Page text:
Derailment raises red flags: Puchmayr

A derailment of a train carrying coal near Burnaby Lake on Saturday has raised some red flags for train movement in New Westminster and across Canada. - Mario Bartel/NewsLeader
A derailment of a train carrying coal near Burnaby Lake on Saturday has raised some red flags for train movement in New Westminster and across Canada.
— image credit: Mario Bartel/NewsLeader

The derailment of a CN coal train in Burnaby on Saturday raises red flags for all communities says a New Westminster city councillor.

Although coal trains rarely travel through New Westminster, a national trend has the head of the city’s emergency advisory committee Coun. Chuck Puchmayr concerned.

On Saturday, a busted beaver dam and soil weakened by heavy rains caused a derailment dumping coal into Silver Creek, which runs into Burnaby Lake which, in turn, drains into the Brunette River and then on to the Fraser River. It was the latest in a list of several derailments of various kinds across Canada in the last year.

“Absolutely, it raises red flags. Anytime a train derails it’s certainly a concern. We’re starting to see quite an increase in train derailments across Canada. Relatively it’s been an extremely safe method of transportation, certainly safer than trucking, but recent incidents have to raise some questions,” said Puchmayr, who called for independent safety inspections. “We need to have a look to see if the senior level of government is doing their job to make sure our railways are operating at the safest of capacities.”

The coal on the derailed train, said Puchmayr, would likely have come through from the interior of British Columbia on tracks north of the Fraser before being transferred at a sorting yard in Sapperton for shipment to Neptune Terminals in North Vancouver.

“That coal has been coming for 100 years from Northern British Columbia and eastern British Columbia and even Alberta. So it’s been relatively safe running through that corridor to North Vancouver,” said Puchmayr.

He noted New Westminster is less likely to see a derailment because train traffic through the city moves at a slower pace because of the dense population and industrial activity compared to the straight stretch along Burnaby Lake.

“The railways do maintenance, and I’m fairly comfortable they’re doing adequate maintenance. They don’t want down time, but there needs to be independent overseeing of track maintenance.”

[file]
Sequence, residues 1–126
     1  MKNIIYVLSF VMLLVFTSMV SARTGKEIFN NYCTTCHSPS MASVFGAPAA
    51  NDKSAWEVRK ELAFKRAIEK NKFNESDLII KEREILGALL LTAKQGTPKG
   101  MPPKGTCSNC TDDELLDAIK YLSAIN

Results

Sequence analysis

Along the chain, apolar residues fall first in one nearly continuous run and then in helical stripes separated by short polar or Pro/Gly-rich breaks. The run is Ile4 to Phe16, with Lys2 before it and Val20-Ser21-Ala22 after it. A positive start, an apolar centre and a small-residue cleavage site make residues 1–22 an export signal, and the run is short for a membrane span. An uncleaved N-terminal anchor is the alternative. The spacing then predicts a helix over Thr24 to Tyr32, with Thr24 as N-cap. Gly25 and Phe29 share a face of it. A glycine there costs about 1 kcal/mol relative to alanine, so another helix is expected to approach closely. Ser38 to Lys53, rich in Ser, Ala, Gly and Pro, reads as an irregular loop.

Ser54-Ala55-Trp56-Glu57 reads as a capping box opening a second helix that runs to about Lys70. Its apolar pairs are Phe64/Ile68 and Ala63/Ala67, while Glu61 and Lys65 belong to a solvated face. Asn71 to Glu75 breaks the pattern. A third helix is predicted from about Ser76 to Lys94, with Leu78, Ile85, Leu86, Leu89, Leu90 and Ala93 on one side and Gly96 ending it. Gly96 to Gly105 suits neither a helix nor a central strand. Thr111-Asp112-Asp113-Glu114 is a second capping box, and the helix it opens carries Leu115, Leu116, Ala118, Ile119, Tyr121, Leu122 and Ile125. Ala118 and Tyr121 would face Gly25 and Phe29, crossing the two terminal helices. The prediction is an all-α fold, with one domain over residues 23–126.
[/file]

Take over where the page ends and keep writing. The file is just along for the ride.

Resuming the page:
Following the tragic derailment in Lac- Mégantic, Que., New Westminster dusted off its emergency response plans, said Puchmayr. He said all of the commodities that move through the city have been identified.

Puchmayr said there’s an agreement from the railways to immediately provide New Westminster emergency responders with a digital manifest of any derailed train as they’re rushing to the accident scene. Puchmayr said the city intends to do a mock exercise to test out the system.

Following Saturday’s derailment, Burnaby Mayor Derek Corrigan complained the railways don’t tell municipalities what they’re shipping through their communities.

Quayside Community Board past president James Crosty, who has been leading the New Westminster campaign opposed to a proposed coal transfer facility at Fraser Surrey Docks, said he liked what Corrigan had to say because communities should have control of what moves through them. Having a digital manifest sent after an accident isn’t enough according to the former mayoral candidate.

“We knew if there was a problem, they would have that information at hand,” said Crosty. “The challenge here is what [goods are] passing through and sitting in the yard. I think that’s more important. You don’t wait around finding out what you think is moving through there. If there was an alternative of more isolated routes I would advocate using them to move dangerous goods rather than moving them through highly populated areas.”

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